Domestic violence is a pattern of behavior in any relationship that is used to gain or maintain power over an intimate partner. The abuse may be physical, sexual, emotional, economic or psychological.
A serious public health problem, 1 in 4 women and 1 in 10 men have experienced contact sexual violence, physical violence or stalking by an intimate partner during their lifetime. There is a clear physical and mental impact on victims and survivors, as studies suggest there is a relationship between intimate partner violence, depression and suicidal behavior.
Anyone can be an abuser and anyone can be abused. The issue is widespread among heterosexuals as well as within the LGBTQ community. For example, according to the Human Rights Campaign Foundation, within the LGBTQ community, transgender people and bisexual women face the most alarming rates of sexual violence. Among these populations, sexual violence begins early, often during childhood.
Frequently, young people share stories with our Crisis Services team of emotional, physical and sexual abuse. Some youth report experiencing dating violence, which can impair a young person’s ability to discern the difference between healthy and unhealthy relationships. The NRS team listens without judgement, helps to develop a plan to address the abuse and connects the young person to essential resources.
October is Domestic Violence Awareness Month. This milestone was first recognized nationwide in October 1987 as a way to connect and unite individuals and organizations working on domestic violence issues while also raising awareness for these issues. Over the past 30+ years, much progress has been made to support domestic violence victims and survivors, to hold abusers accountable and to create and update legislation to further those goals.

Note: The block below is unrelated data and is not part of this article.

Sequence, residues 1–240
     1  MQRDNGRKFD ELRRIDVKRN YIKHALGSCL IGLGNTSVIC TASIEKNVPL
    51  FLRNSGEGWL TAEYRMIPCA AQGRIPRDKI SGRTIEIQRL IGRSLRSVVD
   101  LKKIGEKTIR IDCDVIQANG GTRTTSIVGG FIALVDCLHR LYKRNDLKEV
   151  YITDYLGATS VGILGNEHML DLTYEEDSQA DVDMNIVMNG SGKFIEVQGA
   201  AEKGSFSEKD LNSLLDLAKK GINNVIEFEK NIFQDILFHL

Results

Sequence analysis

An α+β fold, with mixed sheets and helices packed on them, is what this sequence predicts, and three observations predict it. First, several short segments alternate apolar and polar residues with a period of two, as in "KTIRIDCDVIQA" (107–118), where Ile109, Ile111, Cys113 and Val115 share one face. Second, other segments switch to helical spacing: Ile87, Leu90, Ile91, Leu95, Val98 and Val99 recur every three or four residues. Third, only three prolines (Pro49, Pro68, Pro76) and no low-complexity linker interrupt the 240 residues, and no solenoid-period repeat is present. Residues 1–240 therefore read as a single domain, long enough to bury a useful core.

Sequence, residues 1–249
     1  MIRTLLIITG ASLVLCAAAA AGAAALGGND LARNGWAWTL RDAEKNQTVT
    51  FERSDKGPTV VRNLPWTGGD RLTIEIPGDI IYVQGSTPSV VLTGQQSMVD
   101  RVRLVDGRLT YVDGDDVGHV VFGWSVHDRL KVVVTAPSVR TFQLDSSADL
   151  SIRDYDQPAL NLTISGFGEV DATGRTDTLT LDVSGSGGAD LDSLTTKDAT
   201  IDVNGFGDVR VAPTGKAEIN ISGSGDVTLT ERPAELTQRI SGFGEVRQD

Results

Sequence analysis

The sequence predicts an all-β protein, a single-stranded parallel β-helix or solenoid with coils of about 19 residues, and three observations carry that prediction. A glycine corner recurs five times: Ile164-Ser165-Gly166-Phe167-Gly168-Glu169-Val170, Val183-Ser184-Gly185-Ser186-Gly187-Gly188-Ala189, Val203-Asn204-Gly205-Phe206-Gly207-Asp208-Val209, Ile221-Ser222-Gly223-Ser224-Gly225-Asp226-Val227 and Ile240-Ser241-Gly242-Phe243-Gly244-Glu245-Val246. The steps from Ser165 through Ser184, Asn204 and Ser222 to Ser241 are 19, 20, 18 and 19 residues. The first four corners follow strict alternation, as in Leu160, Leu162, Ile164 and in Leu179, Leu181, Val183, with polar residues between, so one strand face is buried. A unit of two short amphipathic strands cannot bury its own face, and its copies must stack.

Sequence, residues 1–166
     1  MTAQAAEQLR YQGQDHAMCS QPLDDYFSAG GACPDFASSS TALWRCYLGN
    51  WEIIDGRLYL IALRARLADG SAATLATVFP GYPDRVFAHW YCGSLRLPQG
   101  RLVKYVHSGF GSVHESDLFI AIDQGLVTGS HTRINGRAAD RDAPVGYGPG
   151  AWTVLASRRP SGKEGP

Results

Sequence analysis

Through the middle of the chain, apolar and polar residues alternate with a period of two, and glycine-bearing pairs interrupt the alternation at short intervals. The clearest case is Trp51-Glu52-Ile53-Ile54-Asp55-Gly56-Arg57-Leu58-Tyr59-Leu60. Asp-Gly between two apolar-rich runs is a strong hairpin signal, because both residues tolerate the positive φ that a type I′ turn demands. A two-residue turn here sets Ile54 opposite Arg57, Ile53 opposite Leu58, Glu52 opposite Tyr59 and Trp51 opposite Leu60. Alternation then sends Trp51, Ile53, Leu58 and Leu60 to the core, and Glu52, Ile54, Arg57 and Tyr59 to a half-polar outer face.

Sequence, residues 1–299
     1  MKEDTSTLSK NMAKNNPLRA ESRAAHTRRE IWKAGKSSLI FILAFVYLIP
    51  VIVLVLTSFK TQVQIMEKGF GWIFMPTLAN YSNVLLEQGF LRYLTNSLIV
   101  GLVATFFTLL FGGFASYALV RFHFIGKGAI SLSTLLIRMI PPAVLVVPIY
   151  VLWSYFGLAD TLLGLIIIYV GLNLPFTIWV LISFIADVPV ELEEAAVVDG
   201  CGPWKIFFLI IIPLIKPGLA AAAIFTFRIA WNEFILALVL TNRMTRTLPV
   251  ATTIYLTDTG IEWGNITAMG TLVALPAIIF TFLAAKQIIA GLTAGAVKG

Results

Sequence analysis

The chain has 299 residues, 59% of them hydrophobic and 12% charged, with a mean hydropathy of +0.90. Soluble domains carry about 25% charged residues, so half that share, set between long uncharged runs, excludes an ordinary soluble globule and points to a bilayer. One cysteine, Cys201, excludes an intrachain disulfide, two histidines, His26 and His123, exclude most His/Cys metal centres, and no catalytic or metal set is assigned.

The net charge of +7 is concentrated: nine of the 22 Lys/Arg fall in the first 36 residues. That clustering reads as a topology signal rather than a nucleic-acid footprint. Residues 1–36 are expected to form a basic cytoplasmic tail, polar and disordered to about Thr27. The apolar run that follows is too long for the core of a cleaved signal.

We encourage people to learn about domestic violence, including how to recognize the warning signs of an abuser and ways to help victims before a crisis happens. More information can be found through the resources listed below.
SUPPORTIVE AND EDUCATIONAL RESOURCES
love is respect – A project of the National Domestic Violence Hotline, love is respect offers 24/7 information, support and advocacy to young people between the ages of 13 and 26 who have questions or concerns about their romantic relationships. The organization also provides support to concerned friends and family members, teachers, counselors and service providers through the same free and confidential services via phone, text and live chat. The love is respect toll-free hotline is available at 1-866-331-9474, or text “LoveIs” to 22522. Online chat: loveisrespect.org.
National Domestic Violence Hotline – Created in 1996, this 24-hour hotline is available 365 days a year to provide tools and support to help survivors of domestic violence so they can live free of abuse. The organization’s mission is to answer the call to support and shift power back to those affected by relationship abuse. Contact The Hotline at 1-800-799-7233, or text “START” to 88788.
National Resource Center on Domestic Violence – For more than 25 years, the National Resource Center on Domestic Violence (NRCDV) has been a comprehensive source of information for those wanting to educate themselves and help others on the many issues related to domestic violence. Through its key initiatives and special projects, NRCDV works to improve community response to domestic violence and, ultimately, prevent its occurrence. Their technical assistance, training and resource development are examples of the many ways in which NRCDV serves those dedicated to ending domestic violence in relationships and communities. For information, call 1-800-537-2238 or email nrcdvTA@nrcdv.org.
Safe Horizon – Safe Horizon is the nation’s leading victim assistance organization, operating a network of programs across New York City communities and systems. They work with survivors of all forms of violence, including racism, to move from crisis to confidence. Contact Safe Horizon at 1-800-621-HOPE (4673). Their 24-hour hotline can accommodate English and Spanish-speaking individuals.
If you or someone you know is affected by domestic violence, either as the perpetrator or the victim, the National Runaway Safeline (NRS) can help. Each year, NRS connects thousands of young people with critical resources and provides non-directive, non-judgmental support. Call or chat anytime, 24/7. You are not alone.